Home International IOC Anxious IOC Grasps Optimistic Change

Anxious IOC Grasps Optimistic Change

Anxious IOC Grasps Optimistic Change
Thomas Bach via mercopress.com

Physical similarities between Thomas Bach and Frank Sinatra may be slight, but not for the first time, in his four years as President of the IOC, Bach can bask in the knowledge that he did it his way.

The Extraordinary Session in Lausanne – one is tempted to say obliged – voted dissent-free to elect both Paris and Los Angeles simultaneously, at September’s Session in Lima, Peru, for the Olympic Games of both 2024 and 2028. In his way, Bach is proving as visionary as was Juan-Antonio Samaranch, for this decision assuredly belongs to him.

IOC self-acclaim was billowing across Lake Geneva’s humid calm, and likewise both bidding cities were looking pretty pleased with their guaranteed election: indeed, one already effectively achieved, bar some remarkable re-think by one or other in the intervening weeks.

Yet the risks are immense. As Bach acknowledged, the world order can change overnight – politically, financially, socially, as we know from Rio’s fraught Olympics last year. Despite acclaim by three administrations about to forge a ‘tripartite deal’ – candidates plus IOC – there is a tricky French path ahead for President Macron: parliamentary, potential terrorism, Paris slums unrest, national snowballing immigration. Historic, romantic France cannot live by emotion alone, for all the promises and expectation from Mayor Hidalgo.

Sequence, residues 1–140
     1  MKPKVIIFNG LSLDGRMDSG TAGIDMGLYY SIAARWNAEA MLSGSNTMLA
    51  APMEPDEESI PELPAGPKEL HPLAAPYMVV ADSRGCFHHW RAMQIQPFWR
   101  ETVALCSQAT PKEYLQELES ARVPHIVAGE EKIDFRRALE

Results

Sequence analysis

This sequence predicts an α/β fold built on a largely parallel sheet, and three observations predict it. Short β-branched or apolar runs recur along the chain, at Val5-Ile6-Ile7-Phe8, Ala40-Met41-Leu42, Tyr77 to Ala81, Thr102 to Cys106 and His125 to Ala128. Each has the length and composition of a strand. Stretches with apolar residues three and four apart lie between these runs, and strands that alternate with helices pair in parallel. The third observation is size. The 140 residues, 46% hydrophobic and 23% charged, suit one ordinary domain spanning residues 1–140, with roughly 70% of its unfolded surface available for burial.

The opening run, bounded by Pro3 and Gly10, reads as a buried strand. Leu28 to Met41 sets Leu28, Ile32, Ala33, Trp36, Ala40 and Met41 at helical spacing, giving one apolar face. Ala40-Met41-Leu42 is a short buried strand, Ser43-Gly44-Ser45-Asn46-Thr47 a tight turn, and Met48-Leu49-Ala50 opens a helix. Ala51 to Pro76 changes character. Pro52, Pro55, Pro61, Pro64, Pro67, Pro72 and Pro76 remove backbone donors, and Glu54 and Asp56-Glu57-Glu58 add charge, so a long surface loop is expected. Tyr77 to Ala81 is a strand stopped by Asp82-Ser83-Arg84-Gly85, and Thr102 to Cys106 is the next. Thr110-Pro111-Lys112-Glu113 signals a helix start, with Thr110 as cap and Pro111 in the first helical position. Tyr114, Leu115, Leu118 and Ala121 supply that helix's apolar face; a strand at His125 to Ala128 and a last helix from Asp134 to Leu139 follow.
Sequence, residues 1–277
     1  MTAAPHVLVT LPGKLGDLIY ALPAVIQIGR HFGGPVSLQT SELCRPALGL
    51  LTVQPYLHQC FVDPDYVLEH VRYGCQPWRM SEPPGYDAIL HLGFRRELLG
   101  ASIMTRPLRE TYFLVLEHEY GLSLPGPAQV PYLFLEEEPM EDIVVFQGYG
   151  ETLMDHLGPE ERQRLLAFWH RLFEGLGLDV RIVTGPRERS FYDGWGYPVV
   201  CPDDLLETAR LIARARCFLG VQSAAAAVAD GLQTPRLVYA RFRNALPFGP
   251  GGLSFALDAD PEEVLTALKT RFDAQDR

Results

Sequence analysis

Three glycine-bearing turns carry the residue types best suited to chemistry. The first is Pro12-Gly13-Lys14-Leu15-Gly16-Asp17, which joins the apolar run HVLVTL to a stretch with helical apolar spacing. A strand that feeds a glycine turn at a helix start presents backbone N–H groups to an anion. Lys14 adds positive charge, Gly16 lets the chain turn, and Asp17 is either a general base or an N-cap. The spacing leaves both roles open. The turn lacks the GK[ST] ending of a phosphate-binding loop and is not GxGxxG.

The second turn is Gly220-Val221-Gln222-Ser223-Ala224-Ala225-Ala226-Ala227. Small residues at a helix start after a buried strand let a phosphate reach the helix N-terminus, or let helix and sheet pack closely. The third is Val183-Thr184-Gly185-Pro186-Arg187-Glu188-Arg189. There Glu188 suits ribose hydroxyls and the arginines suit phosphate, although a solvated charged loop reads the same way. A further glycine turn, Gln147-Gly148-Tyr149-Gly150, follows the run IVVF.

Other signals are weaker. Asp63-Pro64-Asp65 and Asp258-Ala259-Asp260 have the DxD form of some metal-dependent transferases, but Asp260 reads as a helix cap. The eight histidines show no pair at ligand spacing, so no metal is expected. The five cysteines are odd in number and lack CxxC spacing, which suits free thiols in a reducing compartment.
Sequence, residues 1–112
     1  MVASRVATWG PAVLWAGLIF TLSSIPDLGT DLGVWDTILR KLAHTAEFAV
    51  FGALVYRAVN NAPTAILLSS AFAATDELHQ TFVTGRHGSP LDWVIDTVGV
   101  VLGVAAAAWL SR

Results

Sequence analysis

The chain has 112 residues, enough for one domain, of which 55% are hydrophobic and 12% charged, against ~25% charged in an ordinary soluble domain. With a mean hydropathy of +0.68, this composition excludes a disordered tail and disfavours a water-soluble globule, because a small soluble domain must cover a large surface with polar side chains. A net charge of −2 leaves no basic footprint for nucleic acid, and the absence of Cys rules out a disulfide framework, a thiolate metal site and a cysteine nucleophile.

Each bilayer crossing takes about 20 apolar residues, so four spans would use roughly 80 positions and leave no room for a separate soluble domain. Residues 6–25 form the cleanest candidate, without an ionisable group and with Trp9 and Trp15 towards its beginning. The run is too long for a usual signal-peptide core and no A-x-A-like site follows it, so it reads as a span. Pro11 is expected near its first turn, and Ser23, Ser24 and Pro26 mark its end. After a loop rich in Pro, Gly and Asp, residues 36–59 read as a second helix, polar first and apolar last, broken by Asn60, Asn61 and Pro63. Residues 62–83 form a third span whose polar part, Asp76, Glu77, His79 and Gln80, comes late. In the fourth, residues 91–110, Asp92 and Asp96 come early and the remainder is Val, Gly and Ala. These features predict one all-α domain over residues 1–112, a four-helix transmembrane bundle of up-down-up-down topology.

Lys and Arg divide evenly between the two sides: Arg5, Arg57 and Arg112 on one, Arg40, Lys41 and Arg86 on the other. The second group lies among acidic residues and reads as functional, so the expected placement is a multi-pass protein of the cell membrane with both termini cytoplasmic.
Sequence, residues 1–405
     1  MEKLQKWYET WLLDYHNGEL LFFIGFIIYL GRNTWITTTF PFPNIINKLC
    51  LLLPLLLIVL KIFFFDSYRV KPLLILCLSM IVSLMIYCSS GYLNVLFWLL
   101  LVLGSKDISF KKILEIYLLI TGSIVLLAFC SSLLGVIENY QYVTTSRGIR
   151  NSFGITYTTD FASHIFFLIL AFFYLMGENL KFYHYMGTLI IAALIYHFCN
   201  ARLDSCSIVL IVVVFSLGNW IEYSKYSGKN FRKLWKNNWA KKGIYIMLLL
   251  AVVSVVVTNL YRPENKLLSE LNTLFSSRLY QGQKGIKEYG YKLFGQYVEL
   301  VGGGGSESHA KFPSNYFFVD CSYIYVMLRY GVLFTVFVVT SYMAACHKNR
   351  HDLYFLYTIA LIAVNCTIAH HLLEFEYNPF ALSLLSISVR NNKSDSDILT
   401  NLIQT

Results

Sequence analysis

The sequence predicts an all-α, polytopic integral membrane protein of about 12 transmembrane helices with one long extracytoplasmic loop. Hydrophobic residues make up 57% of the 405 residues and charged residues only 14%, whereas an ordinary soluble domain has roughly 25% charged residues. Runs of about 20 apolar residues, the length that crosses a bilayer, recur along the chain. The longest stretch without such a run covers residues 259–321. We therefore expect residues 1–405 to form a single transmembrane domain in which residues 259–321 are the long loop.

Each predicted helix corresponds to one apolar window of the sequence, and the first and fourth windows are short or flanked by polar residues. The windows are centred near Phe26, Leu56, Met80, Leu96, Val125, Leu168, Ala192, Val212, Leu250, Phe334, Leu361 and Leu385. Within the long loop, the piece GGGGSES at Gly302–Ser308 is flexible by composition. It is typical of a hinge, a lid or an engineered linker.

If any city in the world can be confident of enduring stability on all fronts, it must be Los Angeles: like Paris, hosting its third Games. Mayor Eric Garcetti, viewed like Peter Ueberroth in 1984 as a potential future US President, exudes confidence in a US state with a GDP superior to most nations. He should be reminded of LA’s problems in 1932, when Europe was financially crumbling: eleven years is a long wait even for a bid privately funded.

Nobody is clear on the precise schedule of the new deal approved by Bach’s colleagues, strategically ‘planned’ by four collaborative vice-presidents. The situation is comparable to the Twenties when, magnanimously responding to the stature of founder Pierre de Coubertin, the Members simultaneously elected Paris and Amsterdam for 1924-28. Bach may not equal the autocracy of de Coubertin, but is close to the former dominance of Avery Brundage in the Sixties and Samaranch in the Eighties.

The presumed ‘done deal’ is that ‘negotiations’ by Bach with each candidate will lead to a single vote in Lima, appointing Paris for 2024 – known not to be willing (or capable?) to accept 2028 – and LA for the latter. Although it is asserted that the 2028 candidate will receive no cash incentive, having saved the expenditure of a second bidding campaign, it’s a sure bet there will be lucrative compensation.

While the IOC is gratified to have secured 11 years’ expected stability and continuity – with parallel economic adjustments for election of a Winter Games host in two years’ time for 2026 – what cannot be judged is the subsequent climate for bid cities for 2032 and beyond.